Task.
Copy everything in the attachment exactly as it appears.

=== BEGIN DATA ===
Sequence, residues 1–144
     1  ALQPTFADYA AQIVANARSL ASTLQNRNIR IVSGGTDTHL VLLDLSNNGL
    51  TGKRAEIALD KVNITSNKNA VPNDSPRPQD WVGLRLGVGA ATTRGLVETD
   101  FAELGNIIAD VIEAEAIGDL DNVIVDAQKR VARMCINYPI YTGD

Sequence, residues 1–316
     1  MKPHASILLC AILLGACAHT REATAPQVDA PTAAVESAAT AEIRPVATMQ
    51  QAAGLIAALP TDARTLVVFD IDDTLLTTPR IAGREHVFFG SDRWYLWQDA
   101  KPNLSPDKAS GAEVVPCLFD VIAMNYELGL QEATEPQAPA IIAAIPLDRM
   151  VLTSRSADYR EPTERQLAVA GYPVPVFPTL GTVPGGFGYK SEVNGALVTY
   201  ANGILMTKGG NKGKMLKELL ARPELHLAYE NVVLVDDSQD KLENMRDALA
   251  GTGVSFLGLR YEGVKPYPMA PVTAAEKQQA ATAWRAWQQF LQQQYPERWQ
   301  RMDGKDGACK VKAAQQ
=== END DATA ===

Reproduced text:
Sequence, residues 1–144
     1  ALQPTFADYA AQIVANARSL ASTLQNRNIR IVSGGTDTHL VLLDLSNNGL
    51  TGKRAEIALD KVNITSNKNA VPNDSPRPQD WVGLRLGVGA ATTRGLVETD
   101  FAELGNIIAD VIEAEAIGDL DNVIVDAQKR VARMCINYPI YTGD

Sequence, residues 1–316
     1  MKPHASILLC AILLGACAHT REATAPQVDA PTAAVESAAT AEIRPVATMQ
    51  QAAGLIAALP TDARTLVVFD IDDTLLTTPR IAGREHVFFG SDRWYLWQDA
   101  KPNLSPDKAS GAEVVPCLFD VIAMNYELGL QEATEPQAPA IIAAIPLDRM
   151  VLTSRSADYR EPTERQLAVA GYPVPVFPTL GTVPGGFGYK SEVNGALVTY
   201  ANGILMTKGG NKGKMLKELL ARPELHLAYE NVVLVDDSQD KLENMRDALA
   251  GTGVSFLGLR YEGVKPYPMA PVTAAEKQQA ATAWRAWQQF LQQQYPERWQ
   301  RMDGKDGACK VKAAQQ